Having grown up in a home that communicated poorly and I inherited those techniques, I found this book a breath of fresh air. Rather than just pointing out where I was going wrong with communicating with my children, this book gave advice on how I could go RIGHT! The methods in the book and the illustrations helped me to see where I was using a negative manner in trying to communicate my feelings with my child and turn them into a positive experience instead. I recommend this book to all parents!
I just finished How to Talk so Kids Will Listen & Listen So Kids Will Talk by Adele Faber and Elaine Mazlish. I'm happy to say that it was excellent all the way to the end, and I want to give the authors a standing ovation. Sometimes I thought things like "That's so true, I actually used that skill to good effect," or "Yep, my parents made that same mistake with me, and I felt rebellious just like the kid in the example." Other times I thought, "Aha! That's a good way to deal with that situation. I always did feel my previous solution didn't solve the problem satisfyingly. Now I know what to do!" (I don't have kids of my own yet, but as the oldest of ten children, I got a lot of experience in dealing with kids.)
I definitely like the detail and clarity the authors use in describing how to use the skills they teach. The examples really drive the point home. It helps that there are so many of them and that they are real life experiences of the authors and people they worked with in their parenting workshops. I also like how comics are used to illustrate what to do and what not to do. They're cute, relatable, and to the point.
They also have a lot of empathy for parents new to using the skills, and often say things such as, "I know for myself the process of change didn't come easily. I'd hear myself using the old, unhelpful ways- 'What's wrong with you kids? You never remember to turn off the light in the bathroom!' Then I'd get annoyed at myself. I'd resolve never to say that again. Then I'd say it again. Remorse. I'll never learn this stuff... How else could I have said that? ... I know ... I should have said, 'Children, the light's on in the bathroom.' Or better still, 'Kids, the light!' Then I'd worry that I'd never have the chance to say it. I had nothing to worry about. They always left the light on in the bathroom. But the next time I was ready for them:'Kids, the light!' Someone ran and turned it off. Success!"
Help children deal with their feelings by listening attentively, acknowledging their feelings, naming their feelings, and giving their desires in fantasy.
Engage cooperation by describing the problem, giving information, summing it up in a word, talking about your feelings, or writing a note.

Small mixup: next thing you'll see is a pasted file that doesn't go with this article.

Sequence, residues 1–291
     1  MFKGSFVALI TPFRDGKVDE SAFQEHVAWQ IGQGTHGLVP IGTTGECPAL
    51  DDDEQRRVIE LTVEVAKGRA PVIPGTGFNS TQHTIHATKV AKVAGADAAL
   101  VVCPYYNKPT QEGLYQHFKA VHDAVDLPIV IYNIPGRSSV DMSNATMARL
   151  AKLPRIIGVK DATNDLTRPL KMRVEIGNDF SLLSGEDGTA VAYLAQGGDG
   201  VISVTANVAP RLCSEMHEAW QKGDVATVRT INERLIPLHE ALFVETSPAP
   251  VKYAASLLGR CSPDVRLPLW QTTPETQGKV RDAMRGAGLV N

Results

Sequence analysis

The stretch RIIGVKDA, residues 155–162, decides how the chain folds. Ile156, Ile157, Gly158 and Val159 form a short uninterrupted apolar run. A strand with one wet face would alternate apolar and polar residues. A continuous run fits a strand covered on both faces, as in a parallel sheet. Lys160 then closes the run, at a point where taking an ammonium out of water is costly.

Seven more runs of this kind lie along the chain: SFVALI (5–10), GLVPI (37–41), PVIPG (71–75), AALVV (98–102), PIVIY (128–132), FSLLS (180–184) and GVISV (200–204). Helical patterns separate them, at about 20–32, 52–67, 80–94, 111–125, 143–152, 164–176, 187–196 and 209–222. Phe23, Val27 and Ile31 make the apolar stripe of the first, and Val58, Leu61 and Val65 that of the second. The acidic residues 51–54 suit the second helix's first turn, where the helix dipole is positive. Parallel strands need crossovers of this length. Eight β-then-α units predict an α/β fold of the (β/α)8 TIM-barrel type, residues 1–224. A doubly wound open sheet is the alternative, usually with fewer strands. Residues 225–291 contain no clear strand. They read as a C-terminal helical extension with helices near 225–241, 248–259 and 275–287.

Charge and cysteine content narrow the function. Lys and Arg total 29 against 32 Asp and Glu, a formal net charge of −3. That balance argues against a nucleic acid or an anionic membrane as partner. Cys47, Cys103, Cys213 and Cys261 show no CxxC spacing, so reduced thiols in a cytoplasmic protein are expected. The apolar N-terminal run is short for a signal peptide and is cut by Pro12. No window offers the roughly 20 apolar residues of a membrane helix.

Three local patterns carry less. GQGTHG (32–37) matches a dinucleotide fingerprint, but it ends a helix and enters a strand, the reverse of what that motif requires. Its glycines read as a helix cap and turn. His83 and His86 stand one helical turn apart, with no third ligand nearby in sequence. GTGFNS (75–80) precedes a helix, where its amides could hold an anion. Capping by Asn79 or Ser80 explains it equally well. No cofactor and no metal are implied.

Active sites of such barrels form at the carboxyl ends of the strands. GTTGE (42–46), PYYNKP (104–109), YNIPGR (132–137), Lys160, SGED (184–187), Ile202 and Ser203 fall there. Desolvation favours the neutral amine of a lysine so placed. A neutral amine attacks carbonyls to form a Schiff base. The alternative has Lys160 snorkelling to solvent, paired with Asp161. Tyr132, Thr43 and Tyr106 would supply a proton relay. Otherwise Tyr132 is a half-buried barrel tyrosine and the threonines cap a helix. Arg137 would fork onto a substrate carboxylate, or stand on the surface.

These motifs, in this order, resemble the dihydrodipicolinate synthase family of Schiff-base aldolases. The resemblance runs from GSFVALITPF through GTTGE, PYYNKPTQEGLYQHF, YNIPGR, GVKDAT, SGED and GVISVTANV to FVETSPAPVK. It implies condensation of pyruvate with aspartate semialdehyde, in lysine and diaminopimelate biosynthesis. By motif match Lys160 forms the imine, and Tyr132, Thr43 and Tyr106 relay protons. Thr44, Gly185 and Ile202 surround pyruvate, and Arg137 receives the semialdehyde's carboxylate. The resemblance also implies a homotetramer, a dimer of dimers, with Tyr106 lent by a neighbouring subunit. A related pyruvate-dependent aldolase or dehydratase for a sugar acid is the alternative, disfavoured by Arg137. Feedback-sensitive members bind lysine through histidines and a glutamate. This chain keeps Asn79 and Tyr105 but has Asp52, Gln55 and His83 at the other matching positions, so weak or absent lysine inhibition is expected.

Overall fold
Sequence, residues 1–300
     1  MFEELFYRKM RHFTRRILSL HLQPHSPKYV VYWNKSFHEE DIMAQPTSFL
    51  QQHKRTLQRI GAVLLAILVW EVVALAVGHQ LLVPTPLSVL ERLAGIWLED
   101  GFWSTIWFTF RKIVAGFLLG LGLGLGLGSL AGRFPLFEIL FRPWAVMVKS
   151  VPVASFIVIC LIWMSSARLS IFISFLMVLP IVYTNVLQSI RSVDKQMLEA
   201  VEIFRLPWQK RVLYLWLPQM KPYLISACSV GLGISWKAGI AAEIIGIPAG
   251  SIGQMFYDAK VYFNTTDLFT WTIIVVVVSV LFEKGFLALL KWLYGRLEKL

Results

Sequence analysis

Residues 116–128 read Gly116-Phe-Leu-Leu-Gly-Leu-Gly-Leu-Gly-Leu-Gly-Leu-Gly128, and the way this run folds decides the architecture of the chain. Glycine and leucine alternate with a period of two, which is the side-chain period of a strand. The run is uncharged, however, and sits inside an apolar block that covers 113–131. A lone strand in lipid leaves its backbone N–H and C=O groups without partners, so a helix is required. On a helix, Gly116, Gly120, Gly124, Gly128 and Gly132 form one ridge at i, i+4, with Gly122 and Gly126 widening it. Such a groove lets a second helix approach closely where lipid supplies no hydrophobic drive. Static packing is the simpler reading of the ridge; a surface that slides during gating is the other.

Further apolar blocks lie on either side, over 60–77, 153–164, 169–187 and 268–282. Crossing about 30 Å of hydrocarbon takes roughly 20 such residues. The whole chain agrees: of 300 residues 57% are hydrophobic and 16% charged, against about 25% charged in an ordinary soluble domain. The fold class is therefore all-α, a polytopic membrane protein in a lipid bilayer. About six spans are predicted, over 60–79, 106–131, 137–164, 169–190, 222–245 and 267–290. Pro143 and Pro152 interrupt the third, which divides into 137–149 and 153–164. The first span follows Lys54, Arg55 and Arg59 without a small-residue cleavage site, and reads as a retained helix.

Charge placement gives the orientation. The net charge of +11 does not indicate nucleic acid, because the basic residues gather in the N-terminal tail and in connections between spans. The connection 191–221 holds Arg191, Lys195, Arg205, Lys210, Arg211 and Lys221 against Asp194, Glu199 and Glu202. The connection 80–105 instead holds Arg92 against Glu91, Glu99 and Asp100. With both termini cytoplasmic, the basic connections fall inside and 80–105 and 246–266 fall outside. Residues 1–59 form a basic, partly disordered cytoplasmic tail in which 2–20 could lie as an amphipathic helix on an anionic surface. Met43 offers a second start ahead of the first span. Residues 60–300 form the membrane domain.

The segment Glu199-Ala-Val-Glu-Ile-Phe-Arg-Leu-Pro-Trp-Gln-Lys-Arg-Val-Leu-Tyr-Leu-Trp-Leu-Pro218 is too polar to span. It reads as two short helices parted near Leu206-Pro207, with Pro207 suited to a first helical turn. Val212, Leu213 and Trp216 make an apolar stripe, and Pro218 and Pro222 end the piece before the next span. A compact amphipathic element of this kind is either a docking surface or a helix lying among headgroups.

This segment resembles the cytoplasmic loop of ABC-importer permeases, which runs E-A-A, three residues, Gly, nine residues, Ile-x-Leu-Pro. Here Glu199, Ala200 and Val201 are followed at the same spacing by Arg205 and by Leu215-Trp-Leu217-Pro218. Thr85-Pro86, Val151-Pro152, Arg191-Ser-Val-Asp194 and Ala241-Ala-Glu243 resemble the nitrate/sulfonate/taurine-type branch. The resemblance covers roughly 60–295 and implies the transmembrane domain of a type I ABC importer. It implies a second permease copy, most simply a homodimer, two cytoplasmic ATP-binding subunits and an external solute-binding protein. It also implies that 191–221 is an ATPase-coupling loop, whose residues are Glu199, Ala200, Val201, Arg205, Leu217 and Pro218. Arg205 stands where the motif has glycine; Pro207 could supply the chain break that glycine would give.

Instead of punishment, point out a way to be helpful, express strong disapproval without attacking character, state your expectations, show how to make amends, give a choice, take action, and/or allow the child to experience the consequences of misbehavior.
Solve disagreements by talking about your child's feelings and needs, talking about your feelings and needs, brainstorm together to find a mutually agreeable solution, write down all the ideas without evaluating, and then decide which suggestions you like, which you don't like, and which you plan to follow through on.
Encourage independence through giving children choices, showing respect for the child's struggle, not asking too many questions, encouraging children to use sources outside the home, and not taking away hope.
Praise is more effective when praiseworthy behavior is described instead of evaluated. Describe what you see, what you feel, and/or sum up the behavior in a word.
Free children from negative roles by looking for opportunities to give the child a new picture of himself, putting them in situations where they can see themselves differently, letting them overhear you say something positive about them, modeling the behavior you want to see, remembering and reminding them about special moments and things they do right, and stating you expectations when your child acts according to the old label.
I've been making my way through a number of parenting books with the plan of giving the best one or two to my sister and her husband for Christmas. (They have a 1-year old girl and are expecting a new baby next year.) How to Talk So Kids Will Listen & Listen so Kids Will Talk is the best I've read yet. It doesn't cover every situation, but it is very effective at what it tries to do, and I recommend it to everyone who is a parent or expects to be one someday.
Many successful parenting workshops have been led by Faber and Mazlish. The book is written with a lot of dialog, role playing, and cartoons to illustrate their points. Well-written and a classic for parenting.
The author makes some very good points. One is that children should get the consequences of their actions, not necessarily the punishment. Protecting children against consequences of their actions is harmful and sets them up for failure in the adult world.
Very helpful, particularly with sibling rivalry issues.